Venue: All England Club, London Date: 21 June - 4 July
Coverage: Live on BBC One and Two, HD, Red Button, BBC Sport website (UK only), Radio 5 live, 5 live sports extra; live text commentary online and on mobile phones; watch again on BBC iPlayer
Full details of BBC coverage
Nadal - I was close to losing
By David Ornstein
BBC Sport at Wimbledon
World number one Rafael Nadal survived a huge scare against Robin Haase in round two as Wimbledon 2010 threw up yet another thrilling encounter.
The second seed twice had to come from behind before beating his 151st-ranked Dutch opponent 5-7 6-2 3-6 6-0 6-3.
Nadal was broken when serving to stay in the first set and, after rallying in the second, was stunned in the third.
But the Spaniard outclassed Haase from there on to seal a meeting with Philipp Petzschner, who beat Lukasz Kubot.
It was a battle that enthralled the Centre Court crowd from start to finish and unexpectedly proved the latest instalment in a captivating opening week at the All England Club.
Roger Federer, the defending champion and top seed, needed five sets see off Alejandro Falla, third seed Novak Djokovic went the distance with Olivier Rochus and John Isner overcame Nicolas Mahut in the longest match in tennis history.
Nadal and Haase were meeting for the first time but, separated by 150 places in the world rankings and with sharply contrasting CVs, few expected anything other than a straight sets victory for the seven-time Grand Slam champion.
There was little to chose between either player in the early stages and it swiftly became clear that Nadal was not going to have everything his own way as Haase rained down a succession of aces.
The 23-year-old from the Hague matched Nadal, 24, for aggression and varied things up by reeling off winners from the baseline but also coming in to volley.
Averaging a first-serve percentage above 80% during the first set, Haase rarely looked like being broken and sensed his chance to pounce at 6-5 up.
Helped to 30-30 by a double-fault, he smashed his way through Nadal's serve to snatch the set and brought the spectators, who had earlier welcomed the Queen on her first visit to Wimbledon since 1977, to their feet once more.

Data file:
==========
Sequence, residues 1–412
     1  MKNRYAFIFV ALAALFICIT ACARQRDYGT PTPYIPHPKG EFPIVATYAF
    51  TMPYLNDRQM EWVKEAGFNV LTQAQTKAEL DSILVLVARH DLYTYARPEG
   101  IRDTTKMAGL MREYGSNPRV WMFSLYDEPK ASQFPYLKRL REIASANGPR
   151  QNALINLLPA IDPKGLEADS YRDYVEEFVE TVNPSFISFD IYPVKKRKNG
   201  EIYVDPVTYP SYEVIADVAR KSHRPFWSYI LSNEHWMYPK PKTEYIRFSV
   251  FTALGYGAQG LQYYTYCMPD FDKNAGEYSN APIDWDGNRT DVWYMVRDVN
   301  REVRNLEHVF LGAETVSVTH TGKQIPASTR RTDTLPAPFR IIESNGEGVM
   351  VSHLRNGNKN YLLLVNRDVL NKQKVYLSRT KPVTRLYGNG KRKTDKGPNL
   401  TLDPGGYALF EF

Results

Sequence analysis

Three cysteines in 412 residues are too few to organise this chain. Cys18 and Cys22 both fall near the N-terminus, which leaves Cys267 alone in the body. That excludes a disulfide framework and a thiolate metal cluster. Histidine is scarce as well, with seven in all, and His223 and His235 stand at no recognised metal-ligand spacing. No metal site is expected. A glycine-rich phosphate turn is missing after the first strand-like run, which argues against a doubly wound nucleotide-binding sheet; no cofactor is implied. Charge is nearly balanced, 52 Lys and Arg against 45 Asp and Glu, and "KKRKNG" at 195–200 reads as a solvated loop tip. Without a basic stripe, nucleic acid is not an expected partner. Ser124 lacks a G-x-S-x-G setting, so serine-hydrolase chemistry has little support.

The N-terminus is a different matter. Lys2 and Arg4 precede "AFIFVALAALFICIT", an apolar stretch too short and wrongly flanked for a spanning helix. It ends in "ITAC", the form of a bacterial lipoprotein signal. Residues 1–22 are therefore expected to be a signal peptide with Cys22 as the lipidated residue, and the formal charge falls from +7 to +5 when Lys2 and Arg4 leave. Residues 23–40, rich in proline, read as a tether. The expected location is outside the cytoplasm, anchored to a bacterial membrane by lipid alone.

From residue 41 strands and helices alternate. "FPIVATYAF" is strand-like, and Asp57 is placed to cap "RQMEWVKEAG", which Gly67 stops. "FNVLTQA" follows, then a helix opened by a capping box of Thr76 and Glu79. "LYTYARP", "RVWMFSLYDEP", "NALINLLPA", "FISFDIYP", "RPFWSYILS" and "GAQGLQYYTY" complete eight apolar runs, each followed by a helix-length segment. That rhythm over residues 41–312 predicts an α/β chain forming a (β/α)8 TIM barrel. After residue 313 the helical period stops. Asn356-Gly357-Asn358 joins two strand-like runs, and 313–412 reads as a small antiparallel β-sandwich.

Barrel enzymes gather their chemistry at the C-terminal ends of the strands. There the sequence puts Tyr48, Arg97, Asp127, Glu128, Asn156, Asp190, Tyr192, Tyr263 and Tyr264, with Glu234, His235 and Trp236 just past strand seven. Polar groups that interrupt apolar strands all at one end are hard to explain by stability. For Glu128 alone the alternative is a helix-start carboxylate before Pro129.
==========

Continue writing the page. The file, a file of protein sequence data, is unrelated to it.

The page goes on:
Nadal came out like a wounded animal at the beginning of the second and amassed three break points in game one.
The first was saved with an ace but Nadal made no mistake on the second, delivering a bruising forehand on the run and celebrating with a leap, a fist-pump and a yell of "Vamos!".
Haase pummels Nadal in the third set
From there on Nadal was in control - getting the double-break in game seven with a fine return before easily serving out to level the match - but anyone expecting Haase to roll over in the third set would be surprised.
He received treatment to his right ankle at the changeover but his manoeuvrability was clearly not affected during a pulsating game six.
One rally saw Haase furiously scramble around court and return a second smash with a stunning pass to bring up break point, which he put away with an incredible forehand crosscourt winner that had coach Dennis Schenk leaping from his seat in appreciation.
Haase had Centre Court rocking with four aces in game seven and was soon serving his way to a 2-1 lead, moving to within a set of the match and leaving Nadal looking forlorn.
But Nadal should never be written off and cranked up the intensity in game two of the fourth set, squandering two break points but converting a third when Haase went wide.
Suddenly the Dutchman was chasing shadows - his first-serve percentage plummeting, his spirit fading and his body creaking - and he was broken twice more as Nadal wrapped the set up in 22 minutes to force a decider.
The momentum was now firmly with the left hander from Majorca, who is playing at Wimbledon for the first time since winning the title in 2008, and he broke in game four when Haase failed to return a majestic lob.
In one last act of defiance, the immensely talented Haase took only a minute and four seconds to win game eight. But the end was in sight for Nadal and he held serve to love to wrap up a two hour and 22 minute triumph.